But McDonnell is right: There is nothing necessary, natural or divinely ordained about Labour’s existence lest it can get things done. Which is why the parliamentary Labour party cannot botch its next attempt at power. 

In the wake of Corbyn’s re-election, Labour MPs face a fork-in-the-road: fight this civil war until its bitter end - play the long game, wait until Labour loses the next general election and challenge Corbyn again - or start afresh. 

It is a bleak, binary choice, akin to a doctor delivering test results and declaring the illness is terminal as feared: the patient can go down fighting and die a slow death, notwithstanding a medical miracle, or instead take part in a pioneering new drug trial. This carries the risk of dying immediately but promises the possibility of life as well. Both options are fraught with danger.

The problem with the first option is that moderates have all but lost the party already. A poll reveals Corbyn won 85 per cent - 15 per cent among members who joined after he became party leader and lost 37 per cent - 63 per cent among those who were members of the party before the last general election. The result: victory by 119,000 votes. 

Corbyn has already announced he wants to give these foot soldiers far greater firepower and told Andrew Marr he had asked the NEC to draft plans for increasing the membership and including it in “all aspects of party decision making”. Labour is transitioning apace into a social movement: free of formal hierarchy and ambivalent about parliamentary power. 

So why wait until 2020? There is every chance that MPs won’t any longer have the power to challenge to Corbyn within four years’ time. If Momentum has its way with reselection and shadow cabinet elections, leading rebels may not be around to begin with.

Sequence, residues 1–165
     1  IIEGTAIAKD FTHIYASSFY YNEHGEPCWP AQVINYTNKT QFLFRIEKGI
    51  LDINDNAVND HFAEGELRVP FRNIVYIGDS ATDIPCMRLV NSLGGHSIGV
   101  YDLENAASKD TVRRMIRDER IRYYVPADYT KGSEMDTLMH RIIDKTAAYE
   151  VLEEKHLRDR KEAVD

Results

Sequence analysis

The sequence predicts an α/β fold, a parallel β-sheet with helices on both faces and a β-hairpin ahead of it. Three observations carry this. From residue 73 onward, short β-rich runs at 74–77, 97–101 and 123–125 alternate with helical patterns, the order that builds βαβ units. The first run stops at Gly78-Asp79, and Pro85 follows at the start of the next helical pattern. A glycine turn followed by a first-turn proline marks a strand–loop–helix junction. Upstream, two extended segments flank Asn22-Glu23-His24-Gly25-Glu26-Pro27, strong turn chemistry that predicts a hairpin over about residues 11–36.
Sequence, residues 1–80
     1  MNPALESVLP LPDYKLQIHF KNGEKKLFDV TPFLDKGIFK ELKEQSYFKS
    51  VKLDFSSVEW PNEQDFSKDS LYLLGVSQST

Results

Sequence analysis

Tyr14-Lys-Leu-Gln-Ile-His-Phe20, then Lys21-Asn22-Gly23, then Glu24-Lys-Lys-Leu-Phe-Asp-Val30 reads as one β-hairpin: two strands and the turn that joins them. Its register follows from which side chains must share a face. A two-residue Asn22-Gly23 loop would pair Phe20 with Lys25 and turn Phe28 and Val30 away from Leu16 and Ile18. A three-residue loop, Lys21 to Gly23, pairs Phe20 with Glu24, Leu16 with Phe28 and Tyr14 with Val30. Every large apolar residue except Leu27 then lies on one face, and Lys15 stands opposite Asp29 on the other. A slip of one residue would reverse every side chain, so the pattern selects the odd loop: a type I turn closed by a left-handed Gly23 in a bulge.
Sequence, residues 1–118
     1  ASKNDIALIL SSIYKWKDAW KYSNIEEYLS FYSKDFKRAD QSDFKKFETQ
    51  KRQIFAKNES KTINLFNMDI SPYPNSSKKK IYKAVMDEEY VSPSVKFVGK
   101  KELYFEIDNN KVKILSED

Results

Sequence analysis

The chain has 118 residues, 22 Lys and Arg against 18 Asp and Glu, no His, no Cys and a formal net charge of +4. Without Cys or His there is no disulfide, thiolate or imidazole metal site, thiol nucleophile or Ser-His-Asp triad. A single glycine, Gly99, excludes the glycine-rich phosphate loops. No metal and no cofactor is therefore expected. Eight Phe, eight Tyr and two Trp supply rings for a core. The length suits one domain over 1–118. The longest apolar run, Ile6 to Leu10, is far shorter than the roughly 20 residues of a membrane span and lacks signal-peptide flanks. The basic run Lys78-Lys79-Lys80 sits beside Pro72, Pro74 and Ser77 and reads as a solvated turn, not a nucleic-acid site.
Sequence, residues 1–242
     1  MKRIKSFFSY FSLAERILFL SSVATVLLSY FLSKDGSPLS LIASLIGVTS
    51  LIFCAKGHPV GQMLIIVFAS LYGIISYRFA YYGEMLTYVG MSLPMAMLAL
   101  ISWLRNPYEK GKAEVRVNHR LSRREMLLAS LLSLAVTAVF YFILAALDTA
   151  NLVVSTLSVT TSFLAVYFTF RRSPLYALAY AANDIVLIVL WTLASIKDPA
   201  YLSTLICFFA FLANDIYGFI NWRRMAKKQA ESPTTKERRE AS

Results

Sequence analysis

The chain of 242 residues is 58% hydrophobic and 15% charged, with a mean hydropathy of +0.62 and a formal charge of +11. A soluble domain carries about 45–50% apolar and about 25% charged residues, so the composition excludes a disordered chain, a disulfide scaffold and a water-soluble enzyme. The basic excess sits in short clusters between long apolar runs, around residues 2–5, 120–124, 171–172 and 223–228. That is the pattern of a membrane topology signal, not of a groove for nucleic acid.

Even if MPs mount another leadership challenge, few believe organisations like Saving Labour or Labour First could put together a sizeable enough electorate to outgun Corbyn at the ballot box. He would be voted back in by a landslide. 

The alternative is for MPs to create a new centre-left force. The main plan under consideration is to join the Cooperative party, Labour’s sister party, and sit as a bloc of “double hatted” MPs, with their own policy agenda on Brexit and the economy. This new bloc would apply to the Speaker to become the official opposition. 

Plenty of MPs and members recoil at the idea of a semi-split like this because of the mixed message it would send to voters on the doorstep. "So you don’t have faith in Corbyn, but you’re a Co-op MP campaigning on behalf of his Labour?" Many believe a full-split would be worse. They fear being pitted against Corbyn-backed Labour candidates in local constituencies and splitting the left vote, opening the door to Ukip or the Conservatives in marginal seats. 

But if moderate MPs mean what they say when they warn of total electoral wipeout in 2020, risking a new centre-left grouping is intuitively worth it.  What do they have to lose? And how many more times can Labour’s moderates cry wolf - Labour "risks extinction", Sadiq Khan said yesterday - until voters call their bluff and tell them to quit complaining and fall in line behind their leader? 

While Corbyn’s polling remains disastrous, a Co-op/Labour party would boast a mandate of 9.3m people, a policy agenda in line with Britain’s political centre of gravity and a chance of becoming the official opposition: a risk worth taking in the face of electoral oblivion. 

A handful of battle-bruised MPs are talking about coming together. "Time to unite," a deflated Hilary Benn tweeted this weekend. There is a precedent for this: first past the post means the party has always been composed of uneasy coalitions of different groups - take the trade unionists, liberal cosmopolites and ethnic minorities of the New Labour years - and it is arguably no different now.  

Yet this is not about a coalition of diverse interests. It is about two parties within a party, each of which believes Labour is their rightful inheritance. Of the two, moderates are least likely to gain anything by engaging in an all out war. It is time they took a leaf out of McDonnell’s book and accepted it is time, regrettably, "to move on". 

Gabriel Pogrund is a journalist at The Sunday Times and a Google News Fellow 2016.